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Engineering

Microfluidic Fabrication Techniques for High-Pressure Testing of Microscale Supercritical CO2 Foam Transport in Fractured Unconventional Reservoirs

doi: 10.3791/61369 Published: July 2, 2020
Hooman Hosseini1, Feng Guo2, Reza Barati Ghahfarokhi1, Saman A. Aryana2

Abstract

Pressure limitations of many microfluidic platforms have been a significant challenge in microfluidic experimental studies of fractured media. As a result, these platforms have not been fully exploited for direct observation of high-pressure transport in fractures. This work introduces microfluidic platforms that enable direct observation of multiphase flow in devices featuring surrogate permeable media and fractured systems. Such platforms provide a pathway to address important and timely questions such as those related to CO2 capture, utilization and storage. This work provides a detailed description of the fabrication techniques and an experimental setup that may serve to analyze the behavior of supercritical CO2 (scCO2) foam, its structure and stability. Such studies provide important insights regarding enhanced oil recovery processes and the role of hydraulic fractures in resource recovery from unconventional reservoirs. This work presents a comparative study of microfluidic devices developed using two different techniques: photolithography/wet-etching/thermal-bonding versus Selective Laser-induced Etching. Both techniques result in devices that are chemically and physically resistant and tolerant of high pressure and temperature conditions that correspond to subsurface systems of interest. Both techniques provide pathways to high-precision etched microchannels and capable lab-on-chip devices. Photolithography/wet-etching, however, enables fabrication of complex channel networks with complex geometries, which would be a challenging task for laser etching techniques. This work summarizes a step-by-step photolithography, wet-etching and glass thermal-bonding protocol and, presents representative observations of foam transport with relevance to oil recovery from unconventional tight and shale formations. Finally, this work describes the use of a high-resolution monochromatic sensor to observe scCO2 foam behavior where the entirety of the permeable medium is observed simultaneously while preserving the resolution needed to resolve features as small as 10 µm.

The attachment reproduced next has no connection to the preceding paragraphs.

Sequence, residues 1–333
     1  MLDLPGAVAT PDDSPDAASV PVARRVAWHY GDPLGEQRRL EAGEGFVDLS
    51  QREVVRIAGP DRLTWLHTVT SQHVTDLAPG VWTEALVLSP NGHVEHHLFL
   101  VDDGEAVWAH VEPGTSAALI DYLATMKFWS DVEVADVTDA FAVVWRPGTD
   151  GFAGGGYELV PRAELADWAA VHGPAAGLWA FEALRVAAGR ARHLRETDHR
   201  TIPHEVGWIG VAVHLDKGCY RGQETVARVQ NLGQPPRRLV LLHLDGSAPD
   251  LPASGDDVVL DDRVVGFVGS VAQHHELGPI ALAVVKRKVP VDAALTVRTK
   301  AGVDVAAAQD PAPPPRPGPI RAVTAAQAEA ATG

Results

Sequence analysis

Introduction

Hydraulic fracturing has been used for quite some time as a means to stimulate flow especially in tight formations1. Large amounts of water needed in hydraulic fracturing are compounded with environmental factors, water-availability issues2, formation damage3, cost4 and seismic effects5. As a result, interest in alternate fracturing methods such as waterless fracturing and the use of foams is on the rise. Alternative methods may provide important benefits such as reduction in water use6, compatibility with water sensitive formations7, minimal to no plugging of the formation8, high apparent viscosity of the fracturing fluids9, recyclability10, ease of clean-up and proppant carrying capability6. CO2 foam is a potential waterless fracturing fluid that contributes to more efficient production of petroleum fluids and improved CO2 storage capacities in the subsurface with a potentially smaller environmental footprint compared to conventional fracturing techniques6,7,11.

Under optimal conditions, supercritical CO2 foam (scCO2 foam) at pressures beyond the minimum miscibility pressure (MMP) of a given reservoir provides a multi-contact miscible system that is able to direct flow into less permeable parts of the formation, thereby improving sweep efficiency and recovery of the resources12,13. scCO2 delivers gas like diffusivity and liquid like density14 and is well suited for subsurface applications, such as oil recovery and carbon capture, utilization and storage (CCUS)13. The presence of the constituents of foam in the subsurface helps reduce the risk of leakage in long-term storage of CO215. Moreover, coupled-compressibility-thermal shock effects of scCO2 foam systems may serve as effective fracturing systems11. Properties of CO2 foam systems for subsurface applications have been studied extensively at various scales, such as characterization of its stability and viscosity in sand-pack systems and its effectiveness in displacement processes3,6,12,15,16,17. Fracture level foam dynamics and its interactions with porous media are less studied aspects that are directly relevant to the use of foam in tight and fractured formations.